4 November 2016.
Multiple Oscar-winning writer, producer and director Oliver Stone has always searched for the soul and guilt of America in his many controversial films such as “JFK”; “Born on the Fourth of July”, “Platoon”, “Nixon”, “Natural Born Killers” and “Wall Street”. He manifests his love for his country by showing all its warts and trying to be honest about its shortcomings. Sometimes he goes overboard, others times he makes masterpieces.
Here he attacks one of the country’s most recent dilemmas by zeroing in on the true story of Edward Snowden, the idealistic young military officer who became outraged by illegal, rampant NSA surveillance techniques. He turned whistleblower by leaking classified government documents to the world press, ending up as an (accidental) asylum-seeker in Russia.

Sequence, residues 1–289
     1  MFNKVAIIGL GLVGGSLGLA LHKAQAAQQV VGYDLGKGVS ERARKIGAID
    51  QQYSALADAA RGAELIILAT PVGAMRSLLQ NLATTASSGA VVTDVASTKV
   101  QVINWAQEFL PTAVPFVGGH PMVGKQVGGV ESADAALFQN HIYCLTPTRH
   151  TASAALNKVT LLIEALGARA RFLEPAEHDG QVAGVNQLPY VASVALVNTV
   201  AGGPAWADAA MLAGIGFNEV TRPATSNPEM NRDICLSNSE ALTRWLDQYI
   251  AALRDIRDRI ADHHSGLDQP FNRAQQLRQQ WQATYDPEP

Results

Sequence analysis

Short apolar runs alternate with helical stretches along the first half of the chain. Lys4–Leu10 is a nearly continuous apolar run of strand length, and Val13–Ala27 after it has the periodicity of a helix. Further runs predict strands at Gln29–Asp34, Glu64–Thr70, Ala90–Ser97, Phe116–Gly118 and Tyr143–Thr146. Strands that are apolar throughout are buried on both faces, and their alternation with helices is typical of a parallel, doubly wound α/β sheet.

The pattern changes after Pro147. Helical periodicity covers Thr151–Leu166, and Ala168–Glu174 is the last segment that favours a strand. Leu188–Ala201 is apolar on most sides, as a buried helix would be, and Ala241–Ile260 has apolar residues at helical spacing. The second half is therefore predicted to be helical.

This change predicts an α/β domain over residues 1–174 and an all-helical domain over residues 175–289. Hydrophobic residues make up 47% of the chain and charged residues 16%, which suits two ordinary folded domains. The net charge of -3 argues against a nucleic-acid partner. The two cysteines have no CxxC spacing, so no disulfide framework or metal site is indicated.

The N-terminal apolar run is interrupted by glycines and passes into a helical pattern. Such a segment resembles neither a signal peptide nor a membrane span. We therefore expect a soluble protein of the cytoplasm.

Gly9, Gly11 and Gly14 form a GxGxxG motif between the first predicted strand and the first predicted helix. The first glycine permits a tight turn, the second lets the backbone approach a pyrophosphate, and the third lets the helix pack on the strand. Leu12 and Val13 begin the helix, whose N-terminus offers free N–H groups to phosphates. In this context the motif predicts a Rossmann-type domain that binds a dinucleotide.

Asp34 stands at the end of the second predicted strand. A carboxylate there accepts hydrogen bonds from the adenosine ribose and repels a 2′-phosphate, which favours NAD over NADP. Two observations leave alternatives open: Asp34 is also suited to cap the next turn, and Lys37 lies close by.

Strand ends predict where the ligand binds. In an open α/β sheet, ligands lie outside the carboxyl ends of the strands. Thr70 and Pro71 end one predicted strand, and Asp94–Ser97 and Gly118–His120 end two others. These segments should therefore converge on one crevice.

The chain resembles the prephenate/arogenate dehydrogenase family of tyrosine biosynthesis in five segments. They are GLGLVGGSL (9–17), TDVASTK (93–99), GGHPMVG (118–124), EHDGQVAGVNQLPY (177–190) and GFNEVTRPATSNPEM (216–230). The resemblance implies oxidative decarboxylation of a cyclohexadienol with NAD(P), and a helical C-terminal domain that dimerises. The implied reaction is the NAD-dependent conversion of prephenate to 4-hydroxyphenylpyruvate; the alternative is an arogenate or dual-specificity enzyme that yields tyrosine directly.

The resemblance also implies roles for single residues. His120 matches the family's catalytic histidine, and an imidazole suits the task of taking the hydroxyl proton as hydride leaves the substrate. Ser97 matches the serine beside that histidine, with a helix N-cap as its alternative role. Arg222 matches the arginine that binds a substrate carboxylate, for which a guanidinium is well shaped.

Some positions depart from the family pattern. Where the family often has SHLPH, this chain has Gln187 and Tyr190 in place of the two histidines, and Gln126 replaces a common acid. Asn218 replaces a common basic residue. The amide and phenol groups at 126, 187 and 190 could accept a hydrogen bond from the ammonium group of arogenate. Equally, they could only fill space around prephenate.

Is Snowden a hero or a traitor? Let Stone take you through this exposé, which is at times too technical and mired in facts, but always passionate about personal freedom and the right to privacy. His use of the Oscar-winning documentary “Citizenfour” as his central motif grounds the film, and Joseph Gordon-Levitt is excellent as the earnest Snowdon, somewhat lost but determined in his resolve.
THE ACCOUNTANT (Mr. Wolff) **1/2
What happens when an unruly autistic child is brought up by a strict father who believes in using really tough love on his two sons? Well, the autistic one evolves into Christian Wolff, a brilliant accountant to some of the shadiest despots around the world. Played by a smooth, ice-cold Ben Affleck, we become immersed in his insulated, meticulous world of number-crunching and ruthless killing.
It’s a wild, violent ride that hits a few sentimental bumps which Wolff tries to keep under control, as is his wont. Here is a strange, fierce tale by Gavin O’Connor with a great many twists and turns, until the kill-’em-all ending. Heady, exciting, but strangely forgettable.
Superb **** Very Good *** Good ** Mediocre * Miserable – no stars
Neptune Ravar Ingwersen reviews film extensively for publications in Switzerland. She views 4 to 8 films a week and her aim is to sort the wheat from the chaff for readers.